The retaliation was swift – dozens of major airstrikes on the Kiev regime’s critically important targets, particularly the energy infrastructure. According to additional information released by the AP, “Media reports referred to explosions in several parts of the country, including the cities of Odessa, Cherkasy and Krivoy Rog.” According to local media reports, there have been “a handful of deaths from Monday’s fresh round of Russian airstrikes.” However, it is expected that the power grid in many parts of the country has been severely damaged as most sources estimate that at least 40% of it has been disabled.

However, retaliatory attacks, albeit significant in terms of degrading the Kiev regime’s ability to fight, are unlikely to prevent further attacks on Russian soil. As previously mentioned, the two Russian Aerospace Forces’ airbases hit by explosions on Monday are deep inside the country, approximately 700 km (Engels-2, Saratov region) and 550 km (Dyagilevo, Ryazan region) away from Kharkov respectively, indicating the possibility of both long-range drone strikes or a sabotage operation by the Kiev regime’s agents on the ground. In both cases, the danger of losing such important strategic assets cannot be overstated, which explains why the reaction by the Russian military was so quick and decisive.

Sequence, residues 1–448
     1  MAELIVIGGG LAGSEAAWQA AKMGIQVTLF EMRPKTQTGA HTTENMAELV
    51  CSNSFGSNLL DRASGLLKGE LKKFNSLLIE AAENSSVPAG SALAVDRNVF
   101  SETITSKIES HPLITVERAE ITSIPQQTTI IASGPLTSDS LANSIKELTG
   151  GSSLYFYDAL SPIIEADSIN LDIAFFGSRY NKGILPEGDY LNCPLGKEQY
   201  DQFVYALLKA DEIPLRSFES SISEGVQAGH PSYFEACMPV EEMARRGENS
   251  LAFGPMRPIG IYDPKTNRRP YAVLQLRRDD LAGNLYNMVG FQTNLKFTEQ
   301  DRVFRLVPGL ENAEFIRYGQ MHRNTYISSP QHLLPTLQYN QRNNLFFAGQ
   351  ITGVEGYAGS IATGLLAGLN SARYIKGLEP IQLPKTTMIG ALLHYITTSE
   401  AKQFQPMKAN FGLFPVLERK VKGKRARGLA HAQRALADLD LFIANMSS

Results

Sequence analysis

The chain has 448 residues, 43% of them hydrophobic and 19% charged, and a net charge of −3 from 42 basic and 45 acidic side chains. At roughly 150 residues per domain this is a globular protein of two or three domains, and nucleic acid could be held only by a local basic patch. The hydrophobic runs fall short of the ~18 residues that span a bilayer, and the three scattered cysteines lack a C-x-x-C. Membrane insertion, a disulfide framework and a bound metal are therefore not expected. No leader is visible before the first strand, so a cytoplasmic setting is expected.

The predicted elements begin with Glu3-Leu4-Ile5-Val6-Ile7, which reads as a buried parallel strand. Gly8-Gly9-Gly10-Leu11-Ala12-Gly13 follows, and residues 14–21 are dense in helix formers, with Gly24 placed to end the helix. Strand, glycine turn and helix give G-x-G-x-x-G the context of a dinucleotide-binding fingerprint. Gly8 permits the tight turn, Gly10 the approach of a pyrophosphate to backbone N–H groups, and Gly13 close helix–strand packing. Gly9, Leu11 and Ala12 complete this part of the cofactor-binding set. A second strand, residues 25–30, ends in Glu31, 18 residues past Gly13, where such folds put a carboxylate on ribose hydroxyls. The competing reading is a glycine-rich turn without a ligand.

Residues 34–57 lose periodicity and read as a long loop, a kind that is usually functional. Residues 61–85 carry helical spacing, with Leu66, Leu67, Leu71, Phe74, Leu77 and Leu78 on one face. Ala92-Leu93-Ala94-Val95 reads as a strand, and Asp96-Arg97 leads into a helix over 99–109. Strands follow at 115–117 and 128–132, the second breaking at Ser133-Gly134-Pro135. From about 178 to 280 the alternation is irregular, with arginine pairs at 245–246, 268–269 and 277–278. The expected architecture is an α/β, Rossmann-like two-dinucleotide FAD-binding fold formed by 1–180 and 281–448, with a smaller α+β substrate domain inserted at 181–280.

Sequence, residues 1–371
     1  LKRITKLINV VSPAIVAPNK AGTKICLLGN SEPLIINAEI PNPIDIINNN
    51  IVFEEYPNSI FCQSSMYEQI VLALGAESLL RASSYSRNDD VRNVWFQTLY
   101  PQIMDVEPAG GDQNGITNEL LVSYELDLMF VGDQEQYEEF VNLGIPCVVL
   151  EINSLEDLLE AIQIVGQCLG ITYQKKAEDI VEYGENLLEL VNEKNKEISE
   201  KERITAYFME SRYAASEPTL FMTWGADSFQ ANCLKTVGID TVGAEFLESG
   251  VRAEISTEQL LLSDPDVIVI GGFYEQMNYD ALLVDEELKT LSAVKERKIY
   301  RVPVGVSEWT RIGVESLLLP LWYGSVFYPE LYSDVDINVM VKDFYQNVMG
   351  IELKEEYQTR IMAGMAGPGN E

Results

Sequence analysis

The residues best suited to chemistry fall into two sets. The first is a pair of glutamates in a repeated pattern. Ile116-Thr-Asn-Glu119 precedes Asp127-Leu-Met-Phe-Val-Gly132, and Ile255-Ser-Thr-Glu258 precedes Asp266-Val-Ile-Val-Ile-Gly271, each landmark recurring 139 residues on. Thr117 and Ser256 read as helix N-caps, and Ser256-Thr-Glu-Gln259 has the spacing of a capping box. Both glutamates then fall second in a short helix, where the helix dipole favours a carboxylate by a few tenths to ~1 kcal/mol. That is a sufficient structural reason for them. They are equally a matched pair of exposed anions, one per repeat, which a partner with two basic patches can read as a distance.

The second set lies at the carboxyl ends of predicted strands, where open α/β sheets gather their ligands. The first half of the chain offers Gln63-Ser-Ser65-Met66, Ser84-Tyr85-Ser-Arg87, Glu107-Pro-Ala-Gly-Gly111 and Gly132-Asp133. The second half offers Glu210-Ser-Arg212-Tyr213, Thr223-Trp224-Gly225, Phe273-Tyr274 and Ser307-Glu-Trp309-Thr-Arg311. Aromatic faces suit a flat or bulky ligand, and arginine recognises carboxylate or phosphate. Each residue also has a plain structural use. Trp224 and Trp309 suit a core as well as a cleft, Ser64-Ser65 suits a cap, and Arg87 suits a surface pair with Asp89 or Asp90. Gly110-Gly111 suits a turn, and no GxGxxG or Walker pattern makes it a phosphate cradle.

At this point, most Russian sources agree that the weapon most likely used in the attacks was the Soviet-era Tu-141 “Strizh” reconnaissance drone. The UAV (unmanned aerial vehicle) was used by the Soviet military in the late 1970s and 1980s. It has been decommissioned since then, as it was considered obsolete. However, right after the 2014 US/NATO-backed Neo-Nazi coup brought the Kiev regime to power, the drones were taken from old military storage facilities in Ukraine and reactivated. This time, however, the UAVs weren’t used for reconnaissance, but were repurposed to serve as kamikaze drones.